Human Rights Watch: Accountability and Impunity: Afghanistan, Kosovo and Argentina


Adrian Weisel
Dustin Friedman
Laetitia Pactat

Human Rights Watch

In countries emerging from conflict and groping with issues surrounding of justice, there is often a struggle between pursuing war crimes prosecutions and granting amnesties. Perpetrators of war crimes and potential defendants often request, as a condition for a ceasefire or peace agreement, amnesty from prosecution. Victims and the broader community often support amnesties in the interest of immediate peace. Human Rights Watch’s position on this issue is that amnesty in these situations generally does not work, and hinders longer-term peace prospects. In Sierra Leone, Uganda and South Africa, the granting of amnesties (or the failure to follow through on prosecutions), created subsequent problems, and left the issue of justice incomplete and unfulfilled leading to tensions in the local communities.

In the 2008 Spring semester, six Practicum students worked on this issue, presenting case studies on Cambodia, Chile and Mozambique (included as what was thought to be a positiveexample where amnesty has worked). The paper was very well received and generated much discussion at Human Rights Watch.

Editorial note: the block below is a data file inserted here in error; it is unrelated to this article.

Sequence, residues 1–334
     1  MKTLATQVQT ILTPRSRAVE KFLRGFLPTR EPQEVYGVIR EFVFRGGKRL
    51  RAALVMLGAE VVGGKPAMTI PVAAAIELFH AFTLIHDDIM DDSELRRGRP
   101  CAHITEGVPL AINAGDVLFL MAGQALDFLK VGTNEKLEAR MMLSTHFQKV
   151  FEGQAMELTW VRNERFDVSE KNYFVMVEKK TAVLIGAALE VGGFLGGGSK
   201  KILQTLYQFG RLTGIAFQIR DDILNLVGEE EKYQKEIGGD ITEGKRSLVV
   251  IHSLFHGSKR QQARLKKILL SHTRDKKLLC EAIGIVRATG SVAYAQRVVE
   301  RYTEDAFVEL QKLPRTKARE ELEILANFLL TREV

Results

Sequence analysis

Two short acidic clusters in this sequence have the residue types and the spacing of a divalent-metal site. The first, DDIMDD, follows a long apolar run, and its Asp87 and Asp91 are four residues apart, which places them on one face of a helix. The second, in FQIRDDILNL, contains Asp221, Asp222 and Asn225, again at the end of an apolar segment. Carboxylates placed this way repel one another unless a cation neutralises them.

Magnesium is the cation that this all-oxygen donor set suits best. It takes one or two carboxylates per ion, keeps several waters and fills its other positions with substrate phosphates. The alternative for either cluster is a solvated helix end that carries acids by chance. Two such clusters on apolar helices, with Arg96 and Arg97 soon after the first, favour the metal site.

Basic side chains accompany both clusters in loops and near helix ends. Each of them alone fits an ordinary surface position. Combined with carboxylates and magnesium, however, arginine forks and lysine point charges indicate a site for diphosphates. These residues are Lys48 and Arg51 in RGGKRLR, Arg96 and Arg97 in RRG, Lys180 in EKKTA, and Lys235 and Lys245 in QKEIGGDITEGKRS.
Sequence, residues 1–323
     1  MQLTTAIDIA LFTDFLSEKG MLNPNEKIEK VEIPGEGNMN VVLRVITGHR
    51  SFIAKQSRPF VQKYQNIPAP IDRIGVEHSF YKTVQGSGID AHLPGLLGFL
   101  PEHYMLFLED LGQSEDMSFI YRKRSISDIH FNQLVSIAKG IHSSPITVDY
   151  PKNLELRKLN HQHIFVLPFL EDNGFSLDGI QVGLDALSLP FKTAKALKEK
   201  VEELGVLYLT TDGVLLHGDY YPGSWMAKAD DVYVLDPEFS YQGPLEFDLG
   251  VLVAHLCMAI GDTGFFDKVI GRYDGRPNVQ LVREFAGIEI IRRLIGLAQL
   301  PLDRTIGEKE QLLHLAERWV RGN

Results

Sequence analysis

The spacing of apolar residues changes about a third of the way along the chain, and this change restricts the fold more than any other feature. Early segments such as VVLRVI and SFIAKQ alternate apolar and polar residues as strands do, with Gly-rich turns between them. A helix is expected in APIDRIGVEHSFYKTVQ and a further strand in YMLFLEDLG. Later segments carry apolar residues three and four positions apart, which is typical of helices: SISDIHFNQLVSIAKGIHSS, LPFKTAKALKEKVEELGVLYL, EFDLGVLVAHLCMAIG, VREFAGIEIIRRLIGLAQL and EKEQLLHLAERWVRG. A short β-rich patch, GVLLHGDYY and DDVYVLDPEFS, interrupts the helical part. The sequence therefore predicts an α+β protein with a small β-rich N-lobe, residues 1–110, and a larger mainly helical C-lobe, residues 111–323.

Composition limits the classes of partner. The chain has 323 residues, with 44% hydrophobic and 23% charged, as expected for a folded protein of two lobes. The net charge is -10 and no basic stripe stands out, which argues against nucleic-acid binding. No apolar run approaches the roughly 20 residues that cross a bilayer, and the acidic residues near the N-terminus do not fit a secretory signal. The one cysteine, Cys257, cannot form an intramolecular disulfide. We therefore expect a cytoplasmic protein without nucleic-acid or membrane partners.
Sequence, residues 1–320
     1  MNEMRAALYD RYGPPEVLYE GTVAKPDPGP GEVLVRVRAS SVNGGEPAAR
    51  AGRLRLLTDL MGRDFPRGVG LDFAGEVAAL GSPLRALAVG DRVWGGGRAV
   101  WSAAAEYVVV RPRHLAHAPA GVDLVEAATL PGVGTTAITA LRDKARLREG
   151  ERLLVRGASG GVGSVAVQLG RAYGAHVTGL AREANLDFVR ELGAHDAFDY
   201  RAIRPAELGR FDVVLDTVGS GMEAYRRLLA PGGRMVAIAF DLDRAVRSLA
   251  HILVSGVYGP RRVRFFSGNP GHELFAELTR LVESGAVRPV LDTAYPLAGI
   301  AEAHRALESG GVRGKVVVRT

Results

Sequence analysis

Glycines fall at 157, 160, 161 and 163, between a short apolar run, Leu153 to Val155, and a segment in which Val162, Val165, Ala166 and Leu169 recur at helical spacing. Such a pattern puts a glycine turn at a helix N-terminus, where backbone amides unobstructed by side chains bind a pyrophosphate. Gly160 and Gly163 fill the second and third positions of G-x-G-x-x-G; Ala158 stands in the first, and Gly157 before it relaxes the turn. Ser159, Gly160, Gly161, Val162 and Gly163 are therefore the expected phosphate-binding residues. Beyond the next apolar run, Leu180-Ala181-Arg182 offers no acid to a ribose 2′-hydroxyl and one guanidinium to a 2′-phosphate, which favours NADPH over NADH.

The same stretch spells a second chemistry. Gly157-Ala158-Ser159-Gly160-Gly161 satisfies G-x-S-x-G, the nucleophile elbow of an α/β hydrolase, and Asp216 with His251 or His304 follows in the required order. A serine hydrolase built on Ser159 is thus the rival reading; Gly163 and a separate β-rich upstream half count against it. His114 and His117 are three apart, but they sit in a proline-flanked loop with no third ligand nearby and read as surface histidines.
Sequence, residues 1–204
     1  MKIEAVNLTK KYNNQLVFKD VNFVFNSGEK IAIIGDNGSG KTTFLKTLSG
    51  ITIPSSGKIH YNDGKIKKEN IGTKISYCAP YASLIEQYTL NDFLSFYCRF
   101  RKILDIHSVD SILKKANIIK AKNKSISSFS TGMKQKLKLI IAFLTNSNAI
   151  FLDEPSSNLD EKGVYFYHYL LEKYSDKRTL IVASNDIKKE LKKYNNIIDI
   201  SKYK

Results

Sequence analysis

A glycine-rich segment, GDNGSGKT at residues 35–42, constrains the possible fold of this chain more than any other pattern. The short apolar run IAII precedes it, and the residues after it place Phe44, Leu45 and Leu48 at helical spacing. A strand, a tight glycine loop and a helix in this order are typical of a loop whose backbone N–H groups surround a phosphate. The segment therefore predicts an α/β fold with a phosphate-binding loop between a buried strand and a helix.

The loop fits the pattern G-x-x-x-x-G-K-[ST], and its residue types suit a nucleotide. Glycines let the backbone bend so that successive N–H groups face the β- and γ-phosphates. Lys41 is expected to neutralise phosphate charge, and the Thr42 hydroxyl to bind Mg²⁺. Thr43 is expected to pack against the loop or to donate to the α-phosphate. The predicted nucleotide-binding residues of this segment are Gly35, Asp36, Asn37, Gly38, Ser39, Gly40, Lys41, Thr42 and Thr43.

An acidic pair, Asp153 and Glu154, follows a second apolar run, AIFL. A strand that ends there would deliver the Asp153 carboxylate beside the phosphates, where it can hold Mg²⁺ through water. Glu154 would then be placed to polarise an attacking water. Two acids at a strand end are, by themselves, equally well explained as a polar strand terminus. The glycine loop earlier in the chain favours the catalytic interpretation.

The Human Rights Watch International Justice division would like to further the study with additional country case studies. Each case study includes background on theconflict, the amnesties that were offered and how those worked out in practice, and theproblems and complications, if any, created by those amnesties, and where theseissues stand now. The potential additional countries could be: El Salvador, Argentina, Afghanistan, Namibia, Sri Lanka, East Timor, Democratic Replublic of Congo, Kosovo, and Haiti.